- Since 2013, San Francisco has paid a PR agency $US400,000 to survey the cleanliness of its streets.
- In that time, the agency has doled out remarkably good scores – including last year’s near-perfect rating of commercial and residential neighbourhoods.
- Even the city’s budget analysts and auditors have questioned the veracity of the ratings, which seem to contradict their own mayor’s assessment.
San Francisco is set on discarding its reputation for filthy footpaths – but to what end?
NBC Bay Area’s Investigative Unit recently found that the city paid a public relations agency more than $US400,000 to survey the cleanliness of its streets. Since being hired by the city in 2013, the agency has awarded remarkably good scores to commercial and residential neighbourhoods, despite an increase in public complaints about trash, faeces, and discarded needles on the footpath.
Each year, the firm, JBR Partners, ranks streets and footpaths on a scale of 1 to 3, with 1 being “very clean” and 3 being “very dirty.” Last year, the city’s commercial neighbourhoods received a 1.18, while its residential neighbourhoods received a 1.06. At the same time, the city’s non-emergency-services system fielded around 21,000 complaints regarding human waste – more than double the amount it received four years ago.
In July, the city’s own mayor, London Breed, admitted there was “more faeces on the footpaths than [she’s] ever seen.”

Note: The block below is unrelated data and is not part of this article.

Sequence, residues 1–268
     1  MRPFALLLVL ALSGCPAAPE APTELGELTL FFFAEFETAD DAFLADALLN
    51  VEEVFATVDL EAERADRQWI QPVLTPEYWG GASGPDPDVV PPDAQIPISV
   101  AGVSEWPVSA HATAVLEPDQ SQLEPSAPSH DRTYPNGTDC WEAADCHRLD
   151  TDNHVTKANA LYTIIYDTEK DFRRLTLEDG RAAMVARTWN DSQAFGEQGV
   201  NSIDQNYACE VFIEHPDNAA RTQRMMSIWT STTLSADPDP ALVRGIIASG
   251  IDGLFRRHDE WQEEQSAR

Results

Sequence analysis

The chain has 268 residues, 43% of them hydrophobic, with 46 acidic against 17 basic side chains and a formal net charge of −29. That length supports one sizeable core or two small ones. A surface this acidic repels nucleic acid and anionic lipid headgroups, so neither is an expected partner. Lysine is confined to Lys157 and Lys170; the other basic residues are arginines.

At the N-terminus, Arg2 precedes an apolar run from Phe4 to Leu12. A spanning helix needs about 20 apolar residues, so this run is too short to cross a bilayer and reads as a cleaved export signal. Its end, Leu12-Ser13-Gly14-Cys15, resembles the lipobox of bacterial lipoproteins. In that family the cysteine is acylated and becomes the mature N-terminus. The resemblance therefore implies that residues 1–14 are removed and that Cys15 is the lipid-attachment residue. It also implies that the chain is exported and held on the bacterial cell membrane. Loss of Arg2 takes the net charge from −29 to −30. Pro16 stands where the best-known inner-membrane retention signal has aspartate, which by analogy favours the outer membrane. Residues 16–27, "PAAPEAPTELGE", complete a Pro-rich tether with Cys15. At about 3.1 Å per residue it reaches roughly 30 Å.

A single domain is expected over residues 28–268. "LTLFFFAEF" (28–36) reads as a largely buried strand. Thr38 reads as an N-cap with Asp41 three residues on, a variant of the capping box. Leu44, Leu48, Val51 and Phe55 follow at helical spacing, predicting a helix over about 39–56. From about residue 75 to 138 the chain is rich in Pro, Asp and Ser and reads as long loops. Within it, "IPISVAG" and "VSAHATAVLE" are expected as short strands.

The amount of money being funneled into the city’s cleanup programs is another sign that the filth is getting worse, not better. A recent report from the Budget and Legislative Analyst’s Office shows that San Francisco spent nearly $US54 million this year on street cleanup. Members of its “poop patrol” – whose exclusive job is to clean up faeces – earn more than $US184,000 a year in salary and benefits.
But, according to JBR Partners, San Francisco is cleaner than it’s been in years.
Even the city’s budget analysts and auditors question the veracity of this claim. According to the Bay Area Investigative Unit, the city’s Controller’s Office, which audits JBR’s performance standards, decided not to release its 2016-2017 cleanliness evaluation report amid concerns about the methodology.
“There is some concern that the performance measures, based on their methodology, might be flawed,” Dan Goncher, a public policy analyst for the city’s budget office, told the investigative unit. “Why are these performance measures showing improvement, when at the same time the number of complaints to the city has continued to increase year after year? That’s a real head scratcher, I think, for the city right now.”
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